The 2023 U.N. Climate Change Conference can only succeed if there is a seismic shift and we steer the ship from crossing global temperatures above 1.5 degree Celsius. The oil and gas industry must get on board to prevail.

In April, the incoming president of the U.N. Climate Change Conference, Sultan Ahmed al-Jaber, noted that excluding oil, gas and high-emitting industries from the climate discussion table is imprudent. He advocated an “integrated approach” to address the escalating climate crisis.

That entails a new partnership between governments and bold fossil fuel industry players willing to confront the growing climate crisis and consider announcing urgently needed measures.

Humanity is experiencing the repercussions of delayed action on emissions reduction, leading to a cascade of effects such as acceleration in global warming, rapidly rising sea levels, and a diminishing natural capacity to absorb carbon.

The scale and intensity of these extreme events are now outstripping the ability of governments to predict and manage them. Weak and outdated early warning systems no longer help in anticipating these events. Floods in Pakistan last year resulted from a monsoon on steroids. Libyan floods this year left vast swaths of land inundated and 15,000 dead.

Meteorologists in Mexico’s beach resort of Acapulco were overwhelmed when Hurricane Otis converted into a Category 5 storm in less than 24 hours.

Indeed, the climate data paint a grim picture: A study led by Monash University reveals that more than 5 million deaths occur annually due to extreme temperatures. In 2022, Europe lost at least 15,000 lives due to heat-related causes. The World Health Organization predicts that between 2030 and 2050, 250,000 people will die annually of climate-change-related malnutrition, malaria, diarrhea and heat stress.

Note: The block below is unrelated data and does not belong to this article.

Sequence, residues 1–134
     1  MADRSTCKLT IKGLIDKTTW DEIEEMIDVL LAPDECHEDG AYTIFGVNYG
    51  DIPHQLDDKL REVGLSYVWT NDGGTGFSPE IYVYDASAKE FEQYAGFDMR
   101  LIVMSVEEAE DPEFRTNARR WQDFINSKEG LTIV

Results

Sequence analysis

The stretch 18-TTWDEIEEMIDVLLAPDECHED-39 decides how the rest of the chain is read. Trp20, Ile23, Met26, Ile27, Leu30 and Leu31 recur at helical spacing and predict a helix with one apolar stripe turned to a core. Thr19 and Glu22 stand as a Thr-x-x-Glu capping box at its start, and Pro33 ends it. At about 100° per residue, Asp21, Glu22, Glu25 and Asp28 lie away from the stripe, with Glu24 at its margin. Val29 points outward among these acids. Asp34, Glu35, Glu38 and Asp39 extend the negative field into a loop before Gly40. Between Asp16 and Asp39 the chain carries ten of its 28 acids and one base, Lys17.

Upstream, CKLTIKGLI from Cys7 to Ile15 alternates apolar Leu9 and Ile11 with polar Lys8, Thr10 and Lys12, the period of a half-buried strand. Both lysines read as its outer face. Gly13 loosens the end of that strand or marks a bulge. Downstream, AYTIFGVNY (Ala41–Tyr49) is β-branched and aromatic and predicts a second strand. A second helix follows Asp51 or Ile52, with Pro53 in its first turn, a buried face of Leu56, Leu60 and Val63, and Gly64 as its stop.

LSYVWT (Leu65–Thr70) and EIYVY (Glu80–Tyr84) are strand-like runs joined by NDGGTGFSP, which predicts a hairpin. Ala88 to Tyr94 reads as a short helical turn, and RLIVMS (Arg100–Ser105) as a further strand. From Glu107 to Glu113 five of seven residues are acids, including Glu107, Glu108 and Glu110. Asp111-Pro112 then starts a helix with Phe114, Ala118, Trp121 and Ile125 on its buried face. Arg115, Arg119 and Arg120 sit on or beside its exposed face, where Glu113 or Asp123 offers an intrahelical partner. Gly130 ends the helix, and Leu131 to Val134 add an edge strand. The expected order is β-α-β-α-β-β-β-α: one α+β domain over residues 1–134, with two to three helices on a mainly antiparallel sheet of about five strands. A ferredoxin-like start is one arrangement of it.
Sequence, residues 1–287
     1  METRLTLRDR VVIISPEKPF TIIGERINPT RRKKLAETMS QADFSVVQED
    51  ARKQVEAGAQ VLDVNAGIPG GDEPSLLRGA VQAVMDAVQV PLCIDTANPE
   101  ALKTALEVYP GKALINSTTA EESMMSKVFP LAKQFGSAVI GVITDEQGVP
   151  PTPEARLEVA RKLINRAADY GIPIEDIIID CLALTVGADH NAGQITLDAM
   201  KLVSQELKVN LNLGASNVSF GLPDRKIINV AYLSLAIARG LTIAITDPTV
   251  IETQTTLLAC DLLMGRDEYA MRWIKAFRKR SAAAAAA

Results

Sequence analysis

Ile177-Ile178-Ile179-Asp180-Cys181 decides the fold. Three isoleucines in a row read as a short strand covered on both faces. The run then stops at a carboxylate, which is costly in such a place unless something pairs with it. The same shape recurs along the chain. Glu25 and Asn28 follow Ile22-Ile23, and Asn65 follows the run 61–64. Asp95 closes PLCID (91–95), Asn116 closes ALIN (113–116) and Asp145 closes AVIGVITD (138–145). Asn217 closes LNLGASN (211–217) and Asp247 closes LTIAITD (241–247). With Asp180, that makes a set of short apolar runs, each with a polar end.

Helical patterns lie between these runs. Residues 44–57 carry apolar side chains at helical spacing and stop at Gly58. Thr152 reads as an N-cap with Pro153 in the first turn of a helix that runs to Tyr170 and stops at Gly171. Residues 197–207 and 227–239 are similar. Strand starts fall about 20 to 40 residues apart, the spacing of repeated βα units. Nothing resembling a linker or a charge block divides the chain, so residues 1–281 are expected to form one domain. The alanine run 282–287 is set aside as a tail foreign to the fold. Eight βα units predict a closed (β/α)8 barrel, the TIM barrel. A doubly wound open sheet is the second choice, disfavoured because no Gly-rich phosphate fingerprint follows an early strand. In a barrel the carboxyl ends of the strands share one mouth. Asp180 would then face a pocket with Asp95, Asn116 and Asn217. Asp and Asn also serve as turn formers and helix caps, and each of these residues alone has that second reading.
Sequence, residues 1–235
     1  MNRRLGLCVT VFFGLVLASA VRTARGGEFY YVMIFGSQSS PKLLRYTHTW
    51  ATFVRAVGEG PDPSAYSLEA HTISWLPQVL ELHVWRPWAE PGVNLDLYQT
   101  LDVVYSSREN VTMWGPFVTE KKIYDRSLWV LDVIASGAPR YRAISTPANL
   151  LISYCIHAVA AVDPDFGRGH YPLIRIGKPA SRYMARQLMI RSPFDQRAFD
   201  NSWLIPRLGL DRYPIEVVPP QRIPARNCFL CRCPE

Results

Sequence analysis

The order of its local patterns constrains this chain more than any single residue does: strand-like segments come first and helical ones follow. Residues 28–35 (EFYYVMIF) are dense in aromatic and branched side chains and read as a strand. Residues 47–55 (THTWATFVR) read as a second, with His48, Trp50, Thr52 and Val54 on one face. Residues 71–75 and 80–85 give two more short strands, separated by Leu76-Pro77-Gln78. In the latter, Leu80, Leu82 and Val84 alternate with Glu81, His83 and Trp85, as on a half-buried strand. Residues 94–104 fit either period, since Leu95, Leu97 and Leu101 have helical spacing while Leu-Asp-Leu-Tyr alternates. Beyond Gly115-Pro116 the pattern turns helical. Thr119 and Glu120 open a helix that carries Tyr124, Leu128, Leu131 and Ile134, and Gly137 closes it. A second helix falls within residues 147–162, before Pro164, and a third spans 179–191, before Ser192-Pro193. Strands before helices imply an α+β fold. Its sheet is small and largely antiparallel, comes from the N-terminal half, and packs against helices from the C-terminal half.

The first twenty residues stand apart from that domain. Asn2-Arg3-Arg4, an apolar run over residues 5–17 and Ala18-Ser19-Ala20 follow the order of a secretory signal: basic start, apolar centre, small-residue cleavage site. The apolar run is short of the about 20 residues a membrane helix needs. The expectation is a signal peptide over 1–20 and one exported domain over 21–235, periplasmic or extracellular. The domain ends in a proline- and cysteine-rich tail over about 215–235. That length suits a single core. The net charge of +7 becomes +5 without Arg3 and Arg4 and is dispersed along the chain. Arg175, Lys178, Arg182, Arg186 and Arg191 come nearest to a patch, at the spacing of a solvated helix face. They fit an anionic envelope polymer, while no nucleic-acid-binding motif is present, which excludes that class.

Climate-related disasters cost $143 billion annually, igniting a climate battle.

We must cut fossil fuel demand by a quarter by 2030 and up to 80 percent by 2050 to limit warming to 1.5 degree Celsius.

However, we are upping the ante: The International Energy Agency reports that energy-related carbon-dioxide emissions rebounded to 36.6 gigatons in 2021 — the largest-ever annual rise in emissions. Production Gap confirms that, noting that energy-producing nations could double fossil fuel extraction by 2030.

Amid this chaos, COP 28 could be a glimmer of hope. How?

First, we must double down on carbon storage and capture. But promising technologies like direct air capture must be combined with a deadline for phasing out fossil fuels and removing domestic subsidies for their use.

Second, countries must meet their commitments and fulfill their nationally determined contributions. Many of those falling short are high emitters and part of the Group of 20.

Third, we must price carbon. Even though the politicians are not ready for a global carbon pricing framework, economists say it works. Moreover, the U.N. secretary-general has repeatedly called for putting a price on carbon.

Bold leadership and aggressive leadership will get us there. Last year in Sharam-el-Shiekh, Egypt, the parties agreed on a Loss and Damage fund, which no one thought was possible.

Overall, this diplomatic innovation demands a new partnership between governments and bold fossil fuel industry players willing to confront the growing climate crisis and consider announcing urgently needed measures. Humanity is breaking all records on climate change.

Incoming data and scientific evidence suggest that we will likely surpass the 1.5 degree Celsius limit set by the Paris Agreement much sooner than anticipated.

At this challenging juncture, al-Jaber’s mission is similar to that of Otto von Bismarck a century and a half ago — modern Germany’s most significant leader: He united the warring parties to form one cohesive vision of shared interests. Bismarck succeeded, but only by constructing multiple alliances.

Will al-Jaber be remembered for turning the tide of climate change or getting swept away by it?  Only with courage can we win this battle.